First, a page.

Hops in the Southeast?

Abbey Taylor Hops, Research, Top Posts

Locally produced beer flavors may be coming to brew near you.

By Kevin M. Folta

Hop plants are herbaceous perennials with large, deep-green leaves.

Wine is the deep-purple or pale-yellow liquid that resides in the stemmed, symmetrical glass, swirled and sniffed by those enjoying a solo glass or pairing it with a specific meal. Each type is consistent in broad characteristics, using age-old grape varieties, documented fermentation vessels and time-honored traditions. Wine types are recognized precisely by those with well-honed senses, down to the type of wood used in the barrel or the soil where the grapes were grown. Familiar forms of wine adopt subtle nuance from environment, management and production that add uniqueness to generally standardized products.

Contrast that against beer. Beer is a product of fermented grains, punctuated with the essences of hops — aromatic flowers that exude bitter, flavorful compounds. Beer is the stuff of ballgames and barrooms, and unlike in wine, diversity is king. Consumers search to find the new and unusual, and the rapid proliferation of microbreweries seeks new twists on the familiar themes.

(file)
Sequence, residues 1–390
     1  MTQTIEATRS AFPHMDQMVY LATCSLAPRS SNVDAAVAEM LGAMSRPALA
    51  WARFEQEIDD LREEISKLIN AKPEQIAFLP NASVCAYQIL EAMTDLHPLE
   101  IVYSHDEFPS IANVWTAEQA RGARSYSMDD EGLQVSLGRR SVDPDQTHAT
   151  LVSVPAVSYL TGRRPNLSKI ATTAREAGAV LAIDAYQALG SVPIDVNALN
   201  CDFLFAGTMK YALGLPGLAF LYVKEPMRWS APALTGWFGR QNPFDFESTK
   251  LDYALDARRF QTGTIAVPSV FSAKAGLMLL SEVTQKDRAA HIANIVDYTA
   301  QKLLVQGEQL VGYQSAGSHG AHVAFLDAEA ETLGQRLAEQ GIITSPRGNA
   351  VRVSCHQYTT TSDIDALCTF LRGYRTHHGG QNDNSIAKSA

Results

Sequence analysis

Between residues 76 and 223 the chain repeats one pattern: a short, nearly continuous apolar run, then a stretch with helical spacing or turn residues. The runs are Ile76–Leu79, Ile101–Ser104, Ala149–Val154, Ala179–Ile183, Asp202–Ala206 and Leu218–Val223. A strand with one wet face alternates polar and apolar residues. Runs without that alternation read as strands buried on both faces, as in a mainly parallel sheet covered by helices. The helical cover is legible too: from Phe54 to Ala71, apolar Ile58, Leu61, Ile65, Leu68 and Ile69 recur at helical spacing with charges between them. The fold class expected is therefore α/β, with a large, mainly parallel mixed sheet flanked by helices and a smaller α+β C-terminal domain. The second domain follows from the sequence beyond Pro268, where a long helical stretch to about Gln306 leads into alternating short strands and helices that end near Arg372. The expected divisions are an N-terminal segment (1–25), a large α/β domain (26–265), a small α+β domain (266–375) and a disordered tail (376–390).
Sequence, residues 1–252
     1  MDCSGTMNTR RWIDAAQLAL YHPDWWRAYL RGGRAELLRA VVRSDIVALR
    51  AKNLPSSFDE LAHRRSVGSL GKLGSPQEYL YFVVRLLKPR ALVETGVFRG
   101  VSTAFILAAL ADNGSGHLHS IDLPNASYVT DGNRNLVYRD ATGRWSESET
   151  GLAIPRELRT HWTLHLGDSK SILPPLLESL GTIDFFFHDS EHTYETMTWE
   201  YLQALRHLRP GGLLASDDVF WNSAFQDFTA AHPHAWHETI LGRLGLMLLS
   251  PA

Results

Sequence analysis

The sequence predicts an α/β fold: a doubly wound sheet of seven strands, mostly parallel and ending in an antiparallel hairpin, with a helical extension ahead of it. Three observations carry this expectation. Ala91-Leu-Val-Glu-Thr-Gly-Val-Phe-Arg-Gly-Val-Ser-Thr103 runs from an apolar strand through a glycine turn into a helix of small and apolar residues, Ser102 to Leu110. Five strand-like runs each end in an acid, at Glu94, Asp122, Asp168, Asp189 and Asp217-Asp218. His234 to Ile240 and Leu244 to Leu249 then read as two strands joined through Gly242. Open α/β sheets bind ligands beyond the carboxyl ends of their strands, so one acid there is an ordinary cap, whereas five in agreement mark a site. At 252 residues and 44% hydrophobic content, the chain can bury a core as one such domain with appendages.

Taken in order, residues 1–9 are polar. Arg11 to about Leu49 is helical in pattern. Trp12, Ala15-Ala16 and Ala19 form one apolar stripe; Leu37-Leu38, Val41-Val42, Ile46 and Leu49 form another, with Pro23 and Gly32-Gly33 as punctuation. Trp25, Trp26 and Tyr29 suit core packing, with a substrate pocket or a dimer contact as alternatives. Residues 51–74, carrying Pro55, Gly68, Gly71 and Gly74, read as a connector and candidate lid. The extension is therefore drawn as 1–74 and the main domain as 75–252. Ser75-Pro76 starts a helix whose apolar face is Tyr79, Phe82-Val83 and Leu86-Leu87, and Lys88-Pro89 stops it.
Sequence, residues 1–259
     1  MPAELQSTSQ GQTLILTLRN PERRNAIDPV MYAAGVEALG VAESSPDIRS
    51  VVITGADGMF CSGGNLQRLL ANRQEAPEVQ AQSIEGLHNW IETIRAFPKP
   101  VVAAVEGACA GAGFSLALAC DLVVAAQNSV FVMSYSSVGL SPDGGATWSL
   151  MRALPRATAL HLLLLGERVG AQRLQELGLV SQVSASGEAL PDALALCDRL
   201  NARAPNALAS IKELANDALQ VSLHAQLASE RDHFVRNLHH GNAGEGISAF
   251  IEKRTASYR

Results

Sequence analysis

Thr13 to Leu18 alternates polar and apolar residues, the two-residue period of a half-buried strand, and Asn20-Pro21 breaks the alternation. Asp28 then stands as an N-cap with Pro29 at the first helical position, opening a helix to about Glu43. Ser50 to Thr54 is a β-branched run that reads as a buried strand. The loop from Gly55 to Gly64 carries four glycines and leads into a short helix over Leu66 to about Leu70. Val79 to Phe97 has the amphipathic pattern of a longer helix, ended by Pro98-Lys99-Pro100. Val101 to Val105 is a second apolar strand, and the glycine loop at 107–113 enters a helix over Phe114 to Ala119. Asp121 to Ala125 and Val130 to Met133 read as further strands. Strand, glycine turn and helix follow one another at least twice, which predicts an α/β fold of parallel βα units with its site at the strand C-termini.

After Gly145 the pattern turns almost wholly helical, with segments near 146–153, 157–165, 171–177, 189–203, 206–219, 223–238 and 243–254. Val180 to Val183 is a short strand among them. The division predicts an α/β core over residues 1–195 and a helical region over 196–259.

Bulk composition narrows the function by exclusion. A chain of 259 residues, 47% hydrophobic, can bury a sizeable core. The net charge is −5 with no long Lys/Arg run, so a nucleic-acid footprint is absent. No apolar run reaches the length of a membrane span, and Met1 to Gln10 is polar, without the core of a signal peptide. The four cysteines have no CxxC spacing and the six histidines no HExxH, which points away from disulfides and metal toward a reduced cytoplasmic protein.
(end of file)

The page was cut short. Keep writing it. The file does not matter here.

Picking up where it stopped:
There are many ways that a brewer can introduce variation into beer. All of the ingredients contribute unique notes to the final product. The types of grains used, the degree of roasting and the strains of yeast each impart unique flavors and aromas that contribute to the consumer’s sensory experience. But among the most important notes in the mix are the spicy, bitter, citrus-plantlike flavors imparted by hops.

What are hops? Hop plants are herbaceous perennials. They are vigorous, viny plants that originated in China. Wild plants migrated to Europe and North America, where they were eventually domesticated. The flowers grow atop towering vines (called “bines”) that scale great trellises in production, and can be found everywhere from landscapes to building cover in the Pacific Northwest. The plants are dense with large, deep-green leaves that seek the sun in a typically cool and gray climate.

Plants occur as males and females, yet males offer no value to commercial production. Females produce pine cone-shaped flowers that are rich in hundreds of aromatic compounds such as alpha acids and essential oils, produced in specialized glands. These compounds provide the unique sensory experience of hops.